Matt Wachter, who has a tax attorney’s love for the intricacies of federal opportunity zones and historic tax credits, has used those skills for nearly four years to advance a $100 million transformation of the downtown Erie.
But now Wachter, the vice president of finance and development for Erie Downtown Development Corp, will be leaving the organization. He leaves on Friday to lead the investments and finances of Carnegie Foundry, described as a Pittsburgh-based robotics and artificial intelligence lab backed by Carnegie Mellon University and a number of Fortune 500 companies.
Wachter, who last week thanked EDDC’s board of directors for the opportunity and for his investments in the community, said the timing of his departure seemed good for him and for EDDC.
A former partner in the Erie law firm of MacDonald Illig, where he served as a member of the firm’s Commercial Transactions and Trusts and Estates practice groups, Wachter was the person primarily responsible for building what is sometimes referred to as the stack of capital to achieve EDDC’s vision. for downtown Erie.
Along with CEO John Persinger, who is also a lawyer, it was his job to pull together a mix of investments, loans and tax credits to bring a plan to rebuild downtown Erie to life by buying and by transforming downtown properties.
Historically, selling investors on Erie has been a challenge, Persinger said.
Even now, at a time of acceleration in Erie, EDDC’s $26.5 million investment that built the Flagship City Public Market, Flagship City Food Hall and 28 apartments is valued at just 7.7 millions of dollars.
This situation required something more than an understanding of tax law and finance.
“There has to be some creativity in how you structure (funding) so that everyone can benefit from it,” Persinger said. This includes “the professionals who work on the projects, the people who invest in these projects and all those who borrow. It is not only necessary to work from a financial point of view, but also from a point of view of impact on the community”.
Federal Opportunity Zones, which offer special tax benefits to investors who use capital gains to invest in designated low-income zones, would prove to be EDDC’s most important tool for funding its projects.
Not only was EDDC invited to Washington, D.C. in 2020 as the White House touted the organization for its leadership in Opportunity Zones, but Erie took top honors in a national competition highlighting leaders of the Opportunity Zone, sponsored by Forbes and Sorenson Impact. He has also secured over $35 million in Opportunity Zone investments from Erie Insurance and Boston-based Arctaris Impact Investors.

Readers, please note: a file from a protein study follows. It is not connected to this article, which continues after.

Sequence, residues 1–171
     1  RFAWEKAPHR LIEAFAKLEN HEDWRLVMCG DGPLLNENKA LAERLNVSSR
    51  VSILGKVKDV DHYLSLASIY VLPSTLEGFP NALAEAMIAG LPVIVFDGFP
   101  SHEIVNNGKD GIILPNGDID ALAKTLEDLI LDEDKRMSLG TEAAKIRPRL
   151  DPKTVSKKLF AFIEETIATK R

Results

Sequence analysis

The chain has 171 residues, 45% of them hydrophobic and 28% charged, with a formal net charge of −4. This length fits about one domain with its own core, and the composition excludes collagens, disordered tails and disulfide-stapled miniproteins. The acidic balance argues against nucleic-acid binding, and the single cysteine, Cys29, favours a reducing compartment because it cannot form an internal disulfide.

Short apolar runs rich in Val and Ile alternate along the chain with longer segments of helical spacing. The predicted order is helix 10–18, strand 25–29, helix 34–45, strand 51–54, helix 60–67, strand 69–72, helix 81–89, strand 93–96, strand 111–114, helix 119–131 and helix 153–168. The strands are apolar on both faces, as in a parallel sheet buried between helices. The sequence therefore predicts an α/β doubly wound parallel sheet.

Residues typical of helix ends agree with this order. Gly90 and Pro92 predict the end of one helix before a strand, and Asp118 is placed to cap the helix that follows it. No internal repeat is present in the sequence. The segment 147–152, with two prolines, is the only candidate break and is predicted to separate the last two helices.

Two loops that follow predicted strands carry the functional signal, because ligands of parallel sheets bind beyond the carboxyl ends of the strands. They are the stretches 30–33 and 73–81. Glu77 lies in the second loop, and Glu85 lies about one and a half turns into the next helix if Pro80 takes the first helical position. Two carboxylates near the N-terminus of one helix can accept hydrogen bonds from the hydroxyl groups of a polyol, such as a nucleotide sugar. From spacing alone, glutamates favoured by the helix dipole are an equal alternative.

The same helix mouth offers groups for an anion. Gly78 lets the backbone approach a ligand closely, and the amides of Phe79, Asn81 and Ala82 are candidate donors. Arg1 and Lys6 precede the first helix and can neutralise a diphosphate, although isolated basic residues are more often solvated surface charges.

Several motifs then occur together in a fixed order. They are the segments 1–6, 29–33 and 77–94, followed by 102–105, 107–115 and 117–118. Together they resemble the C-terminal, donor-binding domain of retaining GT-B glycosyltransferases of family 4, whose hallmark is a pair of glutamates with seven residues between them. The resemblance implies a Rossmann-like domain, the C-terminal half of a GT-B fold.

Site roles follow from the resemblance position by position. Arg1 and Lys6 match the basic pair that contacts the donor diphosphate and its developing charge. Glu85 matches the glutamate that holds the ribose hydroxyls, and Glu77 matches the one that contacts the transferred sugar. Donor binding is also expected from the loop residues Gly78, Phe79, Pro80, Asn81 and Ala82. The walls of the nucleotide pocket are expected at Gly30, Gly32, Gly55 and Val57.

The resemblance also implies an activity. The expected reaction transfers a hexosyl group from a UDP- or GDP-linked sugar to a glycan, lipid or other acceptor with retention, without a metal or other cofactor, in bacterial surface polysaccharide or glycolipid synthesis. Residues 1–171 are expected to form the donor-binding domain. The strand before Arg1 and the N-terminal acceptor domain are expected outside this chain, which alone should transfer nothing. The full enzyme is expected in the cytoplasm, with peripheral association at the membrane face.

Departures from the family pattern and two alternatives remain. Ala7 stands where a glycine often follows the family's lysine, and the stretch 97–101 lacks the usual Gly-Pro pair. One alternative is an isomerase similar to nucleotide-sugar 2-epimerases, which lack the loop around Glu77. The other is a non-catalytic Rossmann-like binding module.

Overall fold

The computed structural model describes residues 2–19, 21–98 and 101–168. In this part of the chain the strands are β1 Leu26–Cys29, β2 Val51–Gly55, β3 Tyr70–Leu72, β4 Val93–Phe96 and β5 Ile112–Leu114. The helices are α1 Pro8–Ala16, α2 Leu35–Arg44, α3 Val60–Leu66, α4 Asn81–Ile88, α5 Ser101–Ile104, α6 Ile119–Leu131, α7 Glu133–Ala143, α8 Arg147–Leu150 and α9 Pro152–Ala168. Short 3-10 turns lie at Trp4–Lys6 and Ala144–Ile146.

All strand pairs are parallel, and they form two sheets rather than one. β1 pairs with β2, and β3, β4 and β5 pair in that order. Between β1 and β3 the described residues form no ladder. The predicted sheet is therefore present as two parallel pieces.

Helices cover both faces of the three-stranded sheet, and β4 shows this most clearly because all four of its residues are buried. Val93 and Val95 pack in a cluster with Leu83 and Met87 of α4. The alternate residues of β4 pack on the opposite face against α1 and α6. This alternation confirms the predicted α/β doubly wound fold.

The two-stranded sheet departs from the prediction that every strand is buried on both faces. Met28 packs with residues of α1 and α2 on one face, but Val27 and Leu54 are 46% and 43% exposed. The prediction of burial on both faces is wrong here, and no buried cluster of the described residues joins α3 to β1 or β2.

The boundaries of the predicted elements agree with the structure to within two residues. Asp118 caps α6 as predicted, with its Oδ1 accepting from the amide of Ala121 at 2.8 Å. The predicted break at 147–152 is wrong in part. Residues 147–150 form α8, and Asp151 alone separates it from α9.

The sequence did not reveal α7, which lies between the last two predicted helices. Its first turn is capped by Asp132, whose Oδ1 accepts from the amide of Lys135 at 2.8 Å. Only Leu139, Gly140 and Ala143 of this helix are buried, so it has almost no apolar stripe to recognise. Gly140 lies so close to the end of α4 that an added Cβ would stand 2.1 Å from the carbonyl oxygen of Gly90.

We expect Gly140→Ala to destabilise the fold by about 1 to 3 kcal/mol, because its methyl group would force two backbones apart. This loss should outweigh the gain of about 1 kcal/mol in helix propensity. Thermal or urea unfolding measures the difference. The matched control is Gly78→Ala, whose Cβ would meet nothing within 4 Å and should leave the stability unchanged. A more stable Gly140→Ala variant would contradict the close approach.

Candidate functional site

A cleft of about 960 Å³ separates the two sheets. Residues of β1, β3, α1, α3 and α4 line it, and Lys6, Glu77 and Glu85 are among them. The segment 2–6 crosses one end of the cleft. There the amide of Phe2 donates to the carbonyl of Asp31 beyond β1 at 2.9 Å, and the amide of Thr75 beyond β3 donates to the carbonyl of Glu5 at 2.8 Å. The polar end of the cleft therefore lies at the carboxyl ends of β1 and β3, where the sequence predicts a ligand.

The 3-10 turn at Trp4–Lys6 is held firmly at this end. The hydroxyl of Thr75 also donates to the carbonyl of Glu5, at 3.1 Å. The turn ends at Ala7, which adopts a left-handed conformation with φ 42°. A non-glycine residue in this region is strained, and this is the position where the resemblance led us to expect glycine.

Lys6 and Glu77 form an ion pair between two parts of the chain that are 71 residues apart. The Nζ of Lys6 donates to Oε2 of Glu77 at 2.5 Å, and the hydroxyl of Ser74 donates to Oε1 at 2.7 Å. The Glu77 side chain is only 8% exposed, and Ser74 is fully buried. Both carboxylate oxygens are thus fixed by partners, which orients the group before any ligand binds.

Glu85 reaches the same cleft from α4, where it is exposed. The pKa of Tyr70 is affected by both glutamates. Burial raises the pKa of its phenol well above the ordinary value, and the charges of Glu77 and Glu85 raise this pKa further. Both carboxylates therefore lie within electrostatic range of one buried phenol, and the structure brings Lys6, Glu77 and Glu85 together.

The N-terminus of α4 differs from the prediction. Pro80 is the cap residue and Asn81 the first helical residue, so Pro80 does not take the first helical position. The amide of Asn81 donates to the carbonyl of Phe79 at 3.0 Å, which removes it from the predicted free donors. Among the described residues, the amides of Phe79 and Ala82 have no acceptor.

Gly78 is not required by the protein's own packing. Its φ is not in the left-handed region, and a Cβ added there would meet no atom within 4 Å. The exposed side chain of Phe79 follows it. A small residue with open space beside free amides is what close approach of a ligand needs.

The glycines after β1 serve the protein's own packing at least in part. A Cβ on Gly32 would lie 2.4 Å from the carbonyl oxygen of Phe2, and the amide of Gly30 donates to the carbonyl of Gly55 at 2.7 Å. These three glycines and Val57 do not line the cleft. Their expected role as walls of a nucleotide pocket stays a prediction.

Visiting the White House in August 2020The Erie Group sheds light on OZ funding at the White House
Success can be measured in other ways, including the completion of 42 new apartments, all of which have been let.
Persinger attributes much of the credit for EDDC’s success to the support, expertise and encouragement of EDDC’s Board of Directors and the Board of Erie Downtown Equity Funding, which provided an initial investment of $27 .5 million dollars.
“Matt was instrumental in helping attract early-stage investors and he put in place financial models that made people want to invest in these projects.” Persinger said: “The food hall and market are great examples of how we’re able to take a building that was collapsing, and one that we knew would cost more than it cost, and to attract a national opportunity zone investor, a historical tax credit investor, local investors and local debt, and not only make it work financially, but also make it work from a community perspective.
They innovated in other ways. Instead of charging rent to food hall tenants, some of whom were new startups, EDDC paid all upfront costs and collects a portion of gross sales each month.
Like Persinger, Wachter credited investors and the board with believing in the effort.
What’s next for Wachter’s position at EDDC?
So what happens now – is EDDC starting to look for the financial point that can replace Wachter?
It’s not clear, Persinger said. The organization’s needs may change as it nears completion of its first set of projects worth approximately $100 million, which will include the completion of a new parking lot and a new mixed-use building at the northwest corner of Fifth and State Streets.
“There are fewer capital raising requirements for this role and more financial reporting and compliance,” Persinger said. “Responsibilities evolve naturally within the organization.”
The future needs of the organization — and whether or not a replacement for Wachter will be hired — appear to hinge on whether or not EDDC plans future investments once currently planned or ongoing work is completed.
It’s too early to say for sure what will happen next, Persinger said.
“We still have a lot of work to do,” he said.
Wachter, who went to work at EDDC when it had just three employees — including himself, Persinger and Nicole Reitzell, vice president of community engagement and social impact — is leaving an organization that matters. about 20 employees.
Wachter, who will continue to live in Erie, said he looks forward to EDDC’s sequel.
“I couldn’t be prouder of what has been accomplished for Erie,” he said.